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The Art of Valuation

posted by Michelle Harner

Shutterstock_247765387Anyone who has ever litigated a valuation issue knows that valuation is more art than science. Experts often arrive at widely divergent valuations. Yet, these valuations are of the same company, for the same time period, based on the same data, and often invoke the same model. How then can the valuations be so different and, more importantly, which expert is right? Valuations of course can vary for a number of reasons, including different assumptions and inputs, and sometimes because of the methodology itself. But as one of my very astute students in Corporate Finance recently pointed out, valuations also likely differ because of the legal position (he actually used the term "self-interest") of the party employing the expert and offering the particular valuation into evidence.

I actually am a strong proponent of judicial valuation, despite the potential gamesmanship and uncertainty inherent in valuation testimony. I think the process subjects the valuation to greater scrutiny, better protects under-represented parties, and encourages consensual resolutions. The ABI Commission endorsed the continued use of judicial valuation, as well as the ability of judges to appoint valuation experts to perform an independent assessment of the valuation (see here).

The ABI Commission also considered the impact of fluctuations in valuation on creditor distributions. For example, a company typically files bankruptcy at its lowest point—e.g., the business, industry, or general economy is depressed. If the company proposes to sell its assets quickly in the chapter 11 case, should creditors be stuck with that depressed valuation? I discuss this particular issue and the ABI Commission’s related recommendations on foreclosure value, reorganization value, and redemption option value here in a short piece on The Columbia Law School’s Blue Sky Blog.

Valuation issues are among the most difficult in chapter 11 cases. They affect the company’s liquidity and financing options and often fix creditor returns in the case. The stakes are high, and small discrepancies can have huge consequences. Accordingly, some innovation and new approaches to valuation may be exactly what we need.

*Note: The views expressed in this post are those of the author and are intended to spark a meaningful dialogue about chapter 11 reform. They are not attributable to the American Bankruptcy Institute or the ABI Commission to Study the Reform of Chapter 11.

Valuation image from Shutterstock.

Comments

Or, in trumping the experts over value, the court’s predisposition to the “melting ice cube theory” favoring expediency puts value second; ie. as John Maddenn says - “you can only have one worse pain at a time”.

When equity analysts value a company, their conclusions rarely differ by more than a cent or two. Blaming self-interest for way-off bankruptcy valuations is silly; the valuations are off because the parties feel they can get away with submitting badly-off valuations. They feel that way because the courts and the bar don't understand what they're looking at.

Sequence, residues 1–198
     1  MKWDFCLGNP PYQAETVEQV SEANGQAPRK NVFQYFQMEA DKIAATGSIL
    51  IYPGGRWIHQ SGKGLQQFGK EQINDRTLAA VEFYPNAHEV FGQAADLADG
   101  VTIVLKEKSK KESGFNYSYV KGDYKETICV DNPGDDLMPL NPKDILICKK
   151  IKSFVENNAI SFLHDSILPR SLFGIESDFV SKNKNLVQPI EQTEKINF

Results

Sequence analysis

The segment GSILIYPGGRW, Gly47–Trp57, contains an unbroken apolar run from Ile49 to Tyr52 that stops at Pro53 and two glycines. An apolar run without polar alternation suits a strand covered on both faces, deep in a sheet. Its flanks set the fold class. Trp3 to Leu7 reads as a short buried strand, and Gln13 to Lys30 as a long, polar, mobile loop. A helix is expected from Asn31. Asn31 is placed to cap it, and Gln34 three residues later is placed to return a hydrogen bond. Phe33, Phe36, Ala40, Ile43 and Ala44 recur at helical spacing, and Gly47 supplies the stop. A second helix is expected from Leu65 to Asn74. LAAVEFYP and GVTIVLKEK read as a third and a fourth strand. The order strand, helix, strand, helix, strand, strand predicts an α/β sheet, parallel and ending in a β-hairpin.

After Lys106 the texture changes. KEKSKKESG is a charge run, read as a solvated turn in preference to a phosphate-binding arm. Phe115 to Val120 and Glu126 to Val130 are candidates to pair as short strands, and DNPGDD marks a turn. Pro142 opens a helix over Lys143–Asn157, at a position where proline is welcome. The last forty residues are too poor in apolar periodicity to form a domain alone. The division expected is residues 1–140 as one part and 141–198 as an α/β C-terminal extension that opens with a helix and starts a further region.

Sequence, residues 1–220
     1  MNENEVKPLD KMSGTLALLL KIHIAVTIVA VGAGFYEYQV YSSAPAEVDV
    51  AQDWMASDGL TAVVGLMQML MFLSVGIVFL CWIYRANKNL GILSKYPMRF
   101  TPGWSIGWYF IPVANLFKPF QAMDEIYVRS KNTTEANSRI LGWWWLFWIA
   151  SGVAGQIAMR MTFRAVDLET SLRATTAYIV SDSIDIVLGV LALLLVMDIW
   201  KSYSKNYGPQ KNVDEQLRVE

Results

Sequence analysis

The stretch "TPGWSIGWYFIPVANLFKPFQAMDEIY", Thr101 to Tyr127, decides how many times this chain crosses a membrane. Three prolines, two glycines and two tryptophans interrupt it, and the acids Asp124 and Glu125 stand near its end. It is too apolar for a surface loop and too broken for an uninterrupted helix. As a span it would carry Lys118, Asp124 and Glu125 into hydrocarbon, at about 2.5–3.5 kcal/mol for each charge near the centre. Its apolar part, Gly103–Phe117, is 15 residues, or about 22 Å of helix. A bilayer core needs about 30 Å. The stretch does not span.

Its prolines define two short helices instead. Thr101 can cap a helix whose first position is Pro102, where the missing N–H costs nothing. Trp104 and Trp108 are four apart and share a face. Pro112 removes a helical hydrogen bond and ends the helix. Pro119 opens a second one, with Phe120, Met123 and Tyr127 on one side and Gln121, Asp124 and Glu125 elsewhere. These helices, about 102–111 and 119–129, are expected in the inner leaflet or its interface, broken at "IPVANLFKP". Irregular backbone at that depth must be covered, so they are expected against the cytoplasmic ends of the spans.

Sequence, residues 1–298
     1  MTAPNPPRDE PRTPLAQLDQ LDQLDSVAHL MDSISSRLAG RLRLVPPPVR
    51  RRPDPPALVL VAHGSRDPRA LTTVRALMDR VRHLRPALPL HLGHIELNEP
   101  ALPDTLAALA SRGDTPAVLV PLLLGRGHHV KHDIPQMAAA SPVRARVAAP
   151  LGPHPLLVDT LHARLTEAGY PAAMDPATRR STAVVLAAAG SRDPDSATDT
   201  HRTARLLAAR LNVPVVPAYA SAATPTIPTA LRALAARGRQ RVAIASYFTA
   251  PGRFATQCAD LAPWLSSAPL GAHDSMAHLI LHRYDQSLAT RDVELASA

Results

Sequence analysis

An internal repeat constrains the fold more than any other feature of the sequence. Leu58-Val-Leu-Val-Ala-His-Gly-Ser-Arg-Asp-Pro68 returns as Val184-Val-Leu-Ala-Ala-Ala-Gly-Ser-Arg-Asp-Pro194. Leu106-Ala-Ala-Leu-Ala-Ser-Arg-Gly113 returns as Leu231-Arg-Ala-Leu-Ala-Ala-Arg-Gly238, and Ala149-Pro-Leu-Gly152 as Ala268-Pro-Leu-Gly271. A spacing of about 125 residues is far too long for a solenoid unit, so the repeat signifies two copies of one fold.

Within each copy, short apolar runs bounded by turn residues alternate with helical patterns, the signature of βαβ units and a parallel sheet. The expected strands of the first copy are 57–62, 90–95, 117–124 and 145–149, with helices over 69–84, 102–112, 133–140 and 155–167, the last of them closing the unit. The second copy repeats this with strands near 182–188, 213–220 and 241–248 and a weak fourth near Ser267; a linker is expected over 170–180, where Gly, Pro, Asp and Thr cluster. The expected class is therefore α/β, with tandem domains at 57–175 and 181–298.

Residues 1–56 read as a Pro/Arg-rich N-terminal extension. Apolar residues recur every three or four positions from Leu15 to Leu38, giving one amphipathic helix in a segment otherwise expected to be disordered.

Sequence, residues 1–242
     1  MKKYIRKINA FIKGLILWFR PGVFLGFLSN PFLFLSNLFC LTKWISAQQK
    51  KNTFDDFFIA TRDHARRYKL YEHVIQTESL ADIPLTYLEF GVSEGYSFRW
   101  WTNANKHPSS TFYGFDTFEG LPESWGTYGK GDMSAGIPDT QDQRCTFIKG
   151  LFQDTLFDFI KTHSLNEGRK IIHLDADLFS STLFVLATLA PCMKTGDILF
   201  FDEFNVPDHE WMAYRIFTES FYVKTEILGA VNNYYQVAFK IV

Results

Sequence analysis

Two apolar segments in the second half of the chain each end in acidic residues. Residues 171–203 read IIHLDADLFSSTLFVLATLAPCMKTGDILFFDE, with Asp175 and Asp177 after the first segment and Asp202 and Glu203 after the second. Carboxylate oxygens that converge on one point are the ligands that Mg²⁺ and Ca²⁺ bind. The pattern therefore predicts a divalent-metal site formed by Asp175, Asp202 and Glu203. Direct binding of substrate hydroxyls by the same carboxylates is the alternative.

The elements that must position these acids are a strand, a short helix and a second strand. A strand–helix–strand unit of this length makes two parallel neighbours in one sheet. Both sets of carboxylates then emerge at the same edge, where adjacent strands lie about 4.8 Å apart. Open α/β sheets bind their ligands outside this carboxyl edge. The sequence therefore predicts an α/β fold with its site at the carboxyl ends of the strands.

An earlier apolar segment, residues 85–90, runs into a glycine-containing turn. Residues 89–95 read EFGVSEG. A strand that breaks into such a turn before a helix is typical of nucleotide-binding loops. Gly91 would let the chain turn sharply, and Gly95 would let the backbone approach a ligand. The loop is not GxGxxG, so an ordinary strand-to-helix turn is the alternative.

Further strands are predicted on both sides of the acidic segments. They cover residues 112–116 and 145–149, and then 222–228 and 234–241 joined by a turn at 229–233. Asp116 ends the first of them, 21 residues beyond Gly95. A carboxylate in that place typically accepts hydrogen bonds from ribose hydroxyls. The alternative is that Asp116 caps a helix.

Have you ever actually litigated a valuation issue? I promise you, both sides know where each of their experts is probably right and probably wrong. Most of the time anyway.

Having one valuation expert instead of two hardly addresses that problem.

Amos and Robert—Thank you for your comments.

Amos, with respect to your comment and question: I actually was involved in valuation litigation frequently during my ten years of practice at Jones Day. Some of those battles were quite interesting. I think many lawyers and judges understand DCF, CAPM, WACC, etc., and where the play is in valuation contests. As such, I agree with your statement that “both sides know where each of their experts is probably right and probably wrong.” Along those lines, a court-appointed valuation expert typically is in addition to—not in lieu of—the parties’ respective experts. A court-appointed valuation expert can assist the court in working through each valuation and help identify the most appropriate valuation at that point in time. Also, I do not think it is the only or perhaps the best way to tighten the valuation process in bankruptcy, but it is one way and certainly alternative options should be explored.

One additional thought here for everyone to consider. When I use the term "valuation litigation," I am using that term broadly to capture the various valuation disputes we have in chapter 11--adequate protection, priming, sales, plans, claims resolution, etc. Often that litigation never reaches trial, so the possibility of judicial valuation may be even more relevant than what the courts actually do. I raise this because of Amos's fair point about whether one expert solves (or even mitigates) the problem, and of course you have a cost factor when you add a third. That being said I was intrigued by Adam Levitin's post on valuation yesterday and his "baseball salary arbitration" approach. I wonder if that might discipline the process some and help the parties achieve consensus quicker.

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